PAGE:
1 Corinthians 16:1-4 speaks about a collection for “the saints” (i.e. believers) and specifically mentions putting aside “whatever extra you earn” for that collection.  Notice, here, this is not a specific amount of money such as a tenth.
2 Corinthians 8 and 9 are also about the collection of money.  Specifically 9.6-7 reads, “The point is this: the one who sows sparingly will also reap sparingly, and the one who sows bountifully will also reap bountifully.  Each of you must give as you have made up your mind, not reluctantly or under compulsion, for God loves a cheerful giver.”
In Acts chapter 5 we can read the story of Ananias and Sapphira.  The husband and wife both dramatically die because they held back only “some” of the money they acquired from selling a piece of land from the apostles.  
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From scripture then, we can read that the requirements for Jesus followers to give is not  akin to the tithe that the Hebrew Bible requires of Israelites.  Surely, collection in the early church was still gathered to help fund the spreading of the Jesus movement and to help the poor.  I believe our churches do a fair job of using the resources its received to spread the Jesus movement in the communities where we exist, but I think we all need to take a much deeper look at how much money our churches spend on behalf of the poor.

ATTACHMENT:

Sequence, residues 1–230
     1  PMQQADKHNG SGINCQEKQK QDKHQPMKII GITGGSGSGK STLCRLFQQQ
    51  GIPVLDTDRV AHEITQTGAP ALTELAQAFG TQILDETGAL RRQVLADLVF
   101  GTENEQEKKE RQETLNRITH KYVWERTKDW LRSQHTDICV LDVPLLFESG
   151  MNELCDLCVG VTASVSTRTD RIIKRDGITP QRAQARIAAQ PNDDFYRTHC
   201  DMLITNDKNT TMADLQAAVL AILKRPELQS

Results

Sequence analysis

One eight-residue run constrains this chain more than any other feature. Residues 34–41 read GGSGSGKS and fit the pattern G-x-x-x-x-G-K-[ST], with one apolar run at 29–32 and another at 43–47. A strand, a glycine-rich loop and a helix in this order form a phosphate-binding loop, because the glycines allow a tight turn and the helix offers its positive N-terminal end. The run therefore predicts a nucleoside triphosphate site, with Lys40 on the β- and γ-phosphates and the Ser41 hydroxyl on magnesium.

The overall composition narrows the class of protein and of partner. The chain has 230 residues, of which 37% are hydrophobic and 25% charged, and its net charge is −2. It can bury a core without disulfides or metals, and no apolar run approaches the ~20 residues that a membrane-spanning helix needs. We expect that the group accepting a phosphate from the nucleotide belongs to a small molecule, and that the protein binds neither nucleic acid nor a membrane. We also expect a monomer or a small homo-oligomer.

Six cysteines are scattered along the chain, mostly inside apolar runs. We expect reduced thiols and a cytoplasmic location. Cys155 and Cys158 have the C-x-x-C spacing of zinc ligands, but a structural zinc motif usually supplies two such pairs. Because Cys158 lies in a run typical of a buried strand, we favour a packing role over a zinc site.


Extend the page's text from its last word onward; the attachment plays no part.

Matthew 23.23 (also see parallel verse Luke 11.42)
23“Woe to you, scribes and Pharisees, hypocrites! For you tithe mint, dill, and cummin, and have neglected the weightier matters of the law: justice and mercy and faith. It is these you ought to have practiced without neglecting the others.
These strong words from Jesus clearly reflect those from the prophet Amos in Amos 4.4-5.  In my own words what these verses tell is- we can give and tithe all we want, but if we neglect the needs of the poor and neglect matters of the heart, our sacrifice is not acceptable to God.  
So, I believe that we scriptures tell us at least two basic things about how followers of Jesus should give.